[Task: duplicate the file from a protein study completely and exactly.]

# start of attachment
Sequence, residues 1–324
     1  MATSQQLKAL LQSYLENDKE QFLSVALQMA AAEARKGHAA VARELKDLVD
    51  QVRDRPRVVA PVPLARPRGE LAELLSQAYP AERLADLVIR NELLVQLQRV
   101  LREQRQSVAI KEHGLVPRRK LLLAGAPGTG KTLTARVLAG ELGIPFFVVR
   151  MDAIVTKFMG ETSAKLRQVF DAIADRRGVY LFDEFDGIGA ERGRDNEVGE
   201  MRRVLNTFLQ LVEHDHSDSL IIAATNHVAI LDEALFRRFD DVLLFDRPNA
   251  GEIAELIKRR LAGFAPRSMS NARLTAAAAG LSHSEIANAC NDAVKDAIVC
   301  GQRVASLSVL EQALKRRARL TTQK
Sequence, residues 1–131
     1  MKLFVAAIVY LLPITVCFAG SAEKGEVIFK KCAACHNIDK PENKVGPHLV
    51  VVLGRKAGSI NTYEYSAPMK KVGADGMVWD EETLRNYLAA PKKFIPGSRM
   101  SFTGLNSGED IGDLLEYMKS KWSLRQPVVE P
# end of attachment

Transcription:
Sequence, residues 1–324
     1  MATSQQLKAL LQSYLENDKE QFLSVALQMA AAEARKGHAA VARELKDLVD
    51  QVRDRPRVVA PVPLARPRGE LAELLSQAYP AERLADLVIR NELLVQLQRV
   101  LREQRQSVAI KEHGLVPRRK LLLAGAPGTG KTLTARVLAG ELGIPFFVVR
   151  MDAIVTKFMG ETSAKLRQVF DAIADRRGVY LFDEFDGIGA ERGRDNEVGE
   201  MRRVLNTFLQ LVEHDHSDSL IIAATNHVAI LDEALFRRFD DVLLFDRPNA
   251  GEIAELIKRR LAGFAPRSMS NARLTAAAAG LSHSEIANAC NDAVKDAIVC
   301  GQRVASLSVL EQALKRRARL TTQK
Sequence, residues 1–131
     1  MKLFVAAIVY LLPITVCFAG SAEKGEVIFK KCAACHNIDK PENKVGPHLV
    51  VVLGRKAGSI NTYEYSAPMK KVGADGMVWD EETLRNYLAA PKKFIPGSRM
   101  SFTGLNSGED IGDLLEYMKS KWSLRQPVVE P